United States and Peruvian government officials and civil society organizations convened for a bilateral dialogue today to share accomplishments and discuss progress and challenges toward the goals and objectives of the U.S.-Peru Child Protection Compact (CPC) Partnership, a jointly developed, multi-year plan signed by both governments in June 2017.

The dialogue highlighted achievements and challenges that government stakeholders and CPC civil society implementing partners faced last year in reaching the objectives of strengthening the Peruvian government’s efforts to effectively investigate, prosecute, and convict child traffickers; identify and provide comprehensive trauma-informed care for child survivors of these crimes; and prevent child trafficking in all its forms.  Participants mapped out plans for the next year of the CPC Partnership, to include determining strategies to sustain impacts and achievements beyond the Partnership’s conclusion.  To date, the U.S. government has invested more than $11 million in foreign assistance and relevant Peruvian ministries have invested staff resources and in-kind contributions towards the goals and objectives of the CPC Partnership.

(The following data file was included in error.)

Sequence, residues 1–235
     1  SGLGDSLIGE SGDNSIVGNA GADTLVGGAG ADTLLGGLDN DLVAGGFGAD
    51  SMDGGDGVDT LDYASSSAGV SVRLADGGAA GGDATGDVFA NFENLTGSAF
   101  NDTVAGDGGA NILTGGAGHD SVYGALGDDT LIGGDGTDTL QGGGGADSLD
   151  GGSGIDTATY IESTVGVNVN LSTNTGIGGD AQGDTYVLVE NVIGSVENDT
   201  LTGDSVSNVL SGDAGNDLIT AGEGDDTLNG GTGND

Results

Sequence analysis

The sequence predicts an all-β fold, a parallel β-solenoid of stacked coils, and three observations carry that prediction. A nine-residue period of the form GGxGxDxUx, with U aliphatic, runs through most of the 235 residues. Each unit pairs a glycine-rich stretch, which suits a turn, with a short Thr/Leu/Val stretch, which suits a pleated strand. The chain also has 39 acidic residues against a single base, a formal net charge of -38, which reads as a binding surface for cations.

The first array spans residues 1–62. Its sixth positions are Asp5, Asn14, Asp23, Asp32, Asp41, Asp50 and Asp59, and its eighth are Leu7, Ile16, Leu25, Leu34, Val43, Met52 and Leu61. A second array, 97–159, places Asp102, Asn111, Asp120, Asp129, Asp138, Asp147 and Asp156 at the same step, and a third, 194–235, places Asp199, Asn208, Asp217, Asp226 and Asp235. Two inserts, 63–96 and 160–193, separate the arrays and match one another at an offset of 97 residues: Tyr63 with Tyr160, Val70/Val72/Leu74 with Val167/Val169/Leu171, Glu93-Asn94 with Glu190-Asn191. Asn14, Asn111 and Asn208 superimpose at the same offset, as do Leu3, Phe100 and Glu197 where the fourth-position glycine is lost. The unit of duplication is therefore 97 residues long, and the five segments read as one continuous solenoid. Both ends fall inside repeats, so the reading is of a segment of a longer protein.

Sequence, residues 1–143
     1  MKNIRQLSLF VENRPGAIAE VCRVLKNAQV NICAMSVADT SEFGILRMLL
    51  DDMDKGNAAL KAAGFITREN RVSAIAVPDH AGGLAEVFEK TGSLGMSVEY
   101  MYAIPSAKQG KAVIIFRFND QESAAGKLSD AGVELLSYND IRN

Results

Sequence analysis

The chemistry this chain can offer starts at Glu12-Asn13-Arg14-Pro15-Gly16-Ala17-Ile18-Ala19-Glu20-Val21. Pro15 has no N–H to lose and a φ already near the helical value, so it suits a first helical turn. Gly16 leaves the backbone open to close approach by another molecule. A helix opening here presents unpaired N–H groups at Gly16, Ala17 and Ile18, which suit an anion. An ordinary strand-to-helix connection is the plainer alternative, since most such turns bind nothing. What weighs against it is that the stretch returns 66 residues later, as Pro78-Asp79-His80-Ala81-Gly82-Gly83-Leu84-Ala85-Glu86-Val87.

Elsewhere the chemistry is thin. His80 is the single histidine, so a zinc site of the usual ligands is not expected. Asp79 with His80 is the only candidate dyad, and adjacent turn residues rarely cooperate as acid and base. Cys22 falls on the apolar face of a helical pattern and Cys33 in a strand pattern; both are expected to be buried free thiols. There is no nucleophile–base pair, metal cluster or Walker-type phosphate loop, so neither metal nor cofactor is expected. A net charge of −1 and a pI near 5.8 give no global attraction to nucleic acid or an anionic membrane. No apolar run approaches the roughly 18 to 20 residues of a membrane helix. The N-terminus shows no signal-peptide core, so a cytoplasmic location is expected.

During the dialogue, the United States and Peru announced the CPC Partnership would extend for another two years, reaffirming the commitment between the two governments to continue working jointly toward the CPC Partnership’s objectives.  In pre-recorded opening remarks, Acting Director of the U.S. Department of State’s Office to Monitor and Combat Trafficking in Persons, Dr. Kari Johnstone applauded the Government of Peru for its dedication to the Partnership and implored participants to invest in sustainability through increasing overall resources to fund implementation of Peru’s National Policy Against Human Trafficking and allocating dedicated anti-trafficking budgets to member entities of the National Multisectoral Commission.

In his pre-recorded remarks, U.S. Deputy Chief of Mission to Peru John McNamara affirmed the United States’ continued commitment to the success of the CPC Partnership and sustaining its efforts towards protecting and rehabilitating child trafficking survivors.  He added that supporting individuals beyond their time in shelters by ensuring they are equipped with skills like financial literacy, entrepreneurship, technology is a critical aspect to our victim-centered approach.  These skillsets, when combined with continuing support such as mentorship and training, can help ensure individuals have a sustainable, reliable income source.

For further information:

U.S. Department of State

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